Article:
This is an Economic Times article published on 21 Jan 2015.
India is set to become the world’s fastest-growing major economy in about two years from now, as China slows after tearing along at speeds in excess of 10 per cent at times over the past three decades or so, according to latest projections by the International Monetary Fund in the World Economic Outlook.
The IMF’s flagship publication said India’s gross domestic product is likely to grow at 6.3 per cent, marginally down from 6.4 per cent projected in October, in the next fiscal year and 6.5 per cent in year to March 2017, which will be the third year of the Narendra Modi government. The World Bank had said last week that it sees China being dislodged by its neighbour to the south in calendar 2017.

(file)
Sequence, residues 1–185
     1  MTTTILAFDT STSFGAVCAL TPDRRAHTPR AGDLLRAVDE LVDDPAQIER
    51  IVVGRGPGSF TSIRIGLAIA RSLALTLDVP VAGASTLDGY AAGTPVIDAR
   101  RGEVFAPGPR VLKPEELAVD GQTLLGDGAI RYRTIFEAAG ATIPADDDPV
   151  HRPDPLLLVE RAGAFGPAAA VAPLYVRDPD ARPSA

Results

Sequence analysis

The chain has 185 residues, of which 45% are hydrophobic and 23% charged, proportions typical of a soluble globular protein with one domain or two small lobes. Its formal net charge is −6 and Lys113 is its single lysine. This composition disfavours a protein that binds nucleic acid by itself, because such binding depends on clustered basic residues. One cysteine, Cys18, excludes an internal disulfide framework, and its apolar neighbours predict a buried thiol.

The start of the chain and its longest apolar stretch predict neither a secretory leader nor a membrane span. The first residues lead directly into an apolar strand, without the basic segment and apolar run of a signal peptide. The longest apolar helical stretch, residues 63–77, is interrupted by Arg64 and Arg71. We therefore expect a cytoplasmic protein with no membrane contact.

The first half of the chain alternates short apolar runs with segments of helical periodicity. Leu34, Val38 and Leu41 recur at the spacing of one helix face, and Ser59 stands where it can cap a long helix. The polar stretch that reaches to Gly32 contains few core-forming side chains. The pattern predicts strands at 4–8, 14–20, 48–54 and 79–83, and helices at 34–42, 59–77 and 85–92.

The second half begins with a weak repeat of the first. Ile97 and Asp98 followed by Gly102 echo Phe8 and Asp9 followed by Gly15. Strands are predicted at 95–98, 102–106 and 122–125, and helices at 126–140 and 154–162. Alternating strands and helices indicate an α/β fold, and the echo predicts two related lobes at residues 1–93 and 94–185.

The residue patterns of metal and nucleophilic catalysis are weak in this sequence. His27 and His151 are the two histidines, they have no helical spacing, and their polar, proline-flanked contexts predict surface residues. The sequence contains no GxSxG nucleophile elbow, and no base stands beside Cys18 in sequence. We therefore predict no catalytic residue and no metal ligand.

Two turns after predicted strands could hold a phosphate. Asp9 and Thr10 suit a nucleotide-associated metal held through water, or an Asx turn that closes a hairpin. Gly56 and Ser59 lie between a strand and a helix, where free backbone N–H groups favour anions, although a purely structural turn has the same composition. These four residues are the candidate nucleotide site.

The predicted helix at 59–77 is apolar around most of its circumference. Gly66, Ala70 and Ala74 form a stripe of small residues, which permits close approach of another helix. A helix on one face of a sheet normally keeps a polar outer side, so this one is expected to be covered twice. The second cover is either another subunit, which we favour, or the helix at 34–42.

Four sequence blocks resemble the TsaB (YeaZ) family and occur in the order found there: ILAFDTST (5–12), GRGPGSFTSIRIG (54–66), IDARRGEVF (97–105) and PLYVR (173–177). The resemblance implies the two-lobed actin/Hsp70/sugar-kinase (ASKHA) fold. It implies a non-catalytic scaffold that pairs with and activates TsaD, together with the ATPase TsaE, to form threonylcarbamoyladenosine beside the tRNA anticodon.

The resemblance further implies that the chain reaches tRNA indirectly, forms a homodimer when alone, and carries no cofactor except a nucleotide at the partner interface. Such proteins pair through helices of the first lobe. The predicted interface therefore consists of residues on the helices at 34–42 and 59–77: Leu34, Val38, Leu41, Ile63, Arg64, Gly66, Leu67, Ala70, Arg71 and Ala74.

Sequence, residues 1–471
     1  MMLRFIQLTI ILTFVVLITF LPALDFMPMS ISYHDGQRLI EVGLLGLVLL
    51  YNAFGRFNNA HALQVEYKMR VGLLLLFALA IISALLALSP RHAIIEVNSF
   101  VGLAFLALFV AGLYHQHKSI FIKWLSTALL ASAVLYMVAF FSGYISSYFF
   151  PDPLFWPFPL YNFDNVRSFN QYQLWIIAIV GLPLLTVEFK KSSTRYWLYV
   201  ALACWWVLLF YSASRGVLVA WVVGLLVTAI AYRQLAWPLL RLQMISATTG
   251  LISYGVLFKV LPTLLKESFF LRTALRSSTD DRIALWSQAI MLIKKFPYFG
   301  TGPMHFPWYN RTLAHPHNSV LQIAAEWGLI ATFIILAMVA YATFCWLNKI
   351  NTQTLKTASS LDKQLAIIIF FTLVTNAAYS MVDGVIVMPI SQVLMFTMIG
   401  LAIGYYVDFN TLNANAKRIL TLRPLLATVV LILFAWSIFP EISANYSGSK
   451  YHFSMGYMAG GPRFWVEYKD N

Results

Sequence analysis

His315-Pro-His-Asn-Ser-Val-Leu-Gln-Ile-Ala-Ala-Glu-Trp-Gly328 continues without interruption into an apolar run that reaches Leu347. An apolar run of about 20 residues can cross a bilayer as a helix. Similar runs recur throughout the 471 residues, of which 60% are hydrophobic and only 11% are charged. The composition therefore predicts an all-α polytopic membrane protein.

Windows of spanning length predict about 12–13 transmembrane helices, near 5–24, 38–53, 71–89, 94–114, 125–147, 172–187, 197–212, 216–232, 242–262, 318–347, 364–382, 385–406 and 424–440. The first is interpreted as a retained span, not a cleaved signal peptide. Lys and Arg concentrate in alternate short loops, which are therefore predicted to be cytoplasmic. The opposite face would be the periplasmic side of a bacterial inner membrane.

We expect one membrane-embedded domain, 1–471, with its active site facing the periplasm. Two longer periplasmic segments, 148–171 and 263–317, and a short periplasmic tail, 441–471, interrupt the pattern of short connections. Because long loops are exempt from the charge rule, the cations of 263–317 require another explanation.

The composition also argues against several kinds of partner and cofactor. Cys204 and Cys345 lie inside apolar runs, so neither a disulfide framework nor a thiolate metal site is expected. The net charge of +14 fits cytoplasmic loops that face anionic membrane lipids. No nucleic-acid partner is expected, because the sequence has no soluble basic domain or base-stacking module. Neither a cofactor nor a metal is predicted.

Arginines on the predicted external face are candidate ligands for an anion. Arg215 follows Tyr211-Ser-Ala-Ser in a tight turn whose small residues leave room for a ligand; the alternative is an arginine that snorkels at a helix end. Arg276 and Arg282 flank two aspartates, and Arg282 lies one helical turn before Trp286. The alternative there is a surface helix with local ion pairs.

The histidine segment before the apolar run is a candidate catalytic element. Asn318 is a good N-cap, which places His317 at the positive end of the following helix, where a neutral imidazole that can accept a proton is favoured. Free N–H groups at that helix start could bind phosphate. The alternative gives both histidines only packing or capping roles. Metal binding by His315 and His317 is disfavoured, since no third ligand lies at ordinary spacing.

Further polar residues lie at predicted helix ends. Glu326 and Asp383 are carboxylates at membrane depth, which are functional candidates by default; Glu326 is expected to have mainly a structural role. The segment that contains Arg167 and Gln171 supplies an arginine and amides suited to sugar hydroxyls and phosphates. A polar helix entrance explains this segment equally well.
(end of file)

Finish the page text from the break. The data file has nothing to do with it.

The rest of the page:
Stocks ended at record levels following the IMF data release with the BSE Sensex closing at 28,784.67 points, up 1.85 per cent, and the NSE Nifty rising 1.7 per cent to 8,695.6.
The likely role switch comes amid the Chinese economy stumbling on bad loans from excessive spending and investment drying up. While India’s growth forecast is broadly unchanged, that of China has been slashed by half a percentage point from October projections. Official Chinese government data released on Tuesday showed it posted growth of 7.4 per cent last year, missing the official target and slumping to a 24-year low, although this was better than the 7.2 per cent expectation. In India, weaker external demand has been offset by the boost to the terms of trade from lower oil prices and a pickup in industrial and investment activity after policy reforms, the IMF said.
In its global outlook released on January 13, the World Bank projected India to edge past China in 2017, clocking 7 percent growth.